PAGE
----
Seed World

Seeds Canada Issues Warning About Foreign Buyers Trying to Illegally Access Canadian Flax Genetics

As other countries around the world seek to compete in the agricultural realm, Canada’s genetics are attractive. The proper protocol for acquiring these coveted crop varieties is to work directly with the breeders and ensure all necessary intellectual property permissions are obtained, but that isn’t always done. 

Once again, Seeds Canada is sounding the alarm over the problem.

In an email to members this week, Seeds Canada says foreign organizations are inappropriately approaching seed growers and retailers in Western Canada to secure Canadian genetics. Seeds Canada has received reports that organizations from Kazakhstan are currently targeting CDC Rowland flax retailers to secure seed for export; Seeds Canada expects these attempts to secure seed will extend to other varieties and crop kinds, the email said.  

CDC Rowland, a SeCan variety, is attractive to Kazakhstan as that country is a major flax producer and growers there are no doubt looking for the latest genetics that offer superior yields and disease resistance.  

“Despite its relatively recent introduction to the market, CDC Rowland has quickly gained attention for its superior traits, offering a substantial yield increase and other desirable characteristics compared to older varieties like CDC Glas,” says Todd Hyra, SeCan’s western business manager.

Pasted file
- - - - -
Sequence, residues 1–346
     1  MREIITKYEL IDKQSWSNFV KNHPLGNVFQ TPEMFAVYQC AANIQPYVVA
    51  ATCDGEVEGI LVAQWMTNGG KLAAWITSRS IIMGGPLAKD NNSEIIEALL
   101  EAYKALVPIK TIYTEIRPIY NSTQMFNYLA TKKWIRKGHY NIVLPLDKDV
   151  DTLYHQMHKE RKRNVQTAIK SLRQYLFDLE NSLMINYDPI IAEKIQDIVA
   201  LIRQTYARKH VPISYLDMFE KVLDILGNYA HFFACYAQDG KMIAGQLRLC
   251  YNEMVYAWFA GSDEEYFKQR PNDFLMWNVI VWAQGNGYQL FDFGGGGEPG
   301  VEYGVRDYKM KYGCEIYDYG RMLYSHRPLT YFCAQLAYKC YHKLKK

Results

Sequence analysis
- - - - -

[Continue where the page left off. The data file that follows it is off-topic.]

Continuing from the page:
Furthermore, Kazakhstan’s ability to offer flax grain at lower prices poses a direct threat to Canadian flax producers. By targeting specific varieties like CDC Rowland, foreign entities aim to gain a competitive edge in their agricultural markets, potentially causing harm to Canadian farmers and the industry as a whole.

It’s a “double whammy”, so to speak: not only can farmers in other countries, like Kazakhstan, often produce grain at lower prices, but the genetics they have stolen from Canada were developed with investments from Canadian farmers.

To address these concerns, it is essential for everyone involved in the agricultural supply chain to remain vigilant.

“Seed retailers, farmers, and industry stakeholders must be alert to any suspicious inquiries or requests for proprietary crop varieties. It’s imperative to ensure that proper permissions are obtained before authorizing distribution to foreign markets,” Hyra says.

Securing clearance from breeders and regulatory bodies in each target market is crucial to protecting Canadian agricultural innovations, he goes on to say. This not only respects the intellectual property rights of breeders but also ensures that mechanisms for variety protection are in place to prevent unauthorized use or exploitation.

It’s not the first time Seeds Canada or its legacy organizations have raised the alarm about foreign entities attempting to illegally access Canadian genetics. In the spring of 2020, unnamed seed buyers from Kazakhstan were attempting to access made-in-Canada varieties of wheat, barley, pulse crops and soybeans without going through the proper channels. 

If you receive any suspicious purchase requests, please contact your seed distributor to report the activity.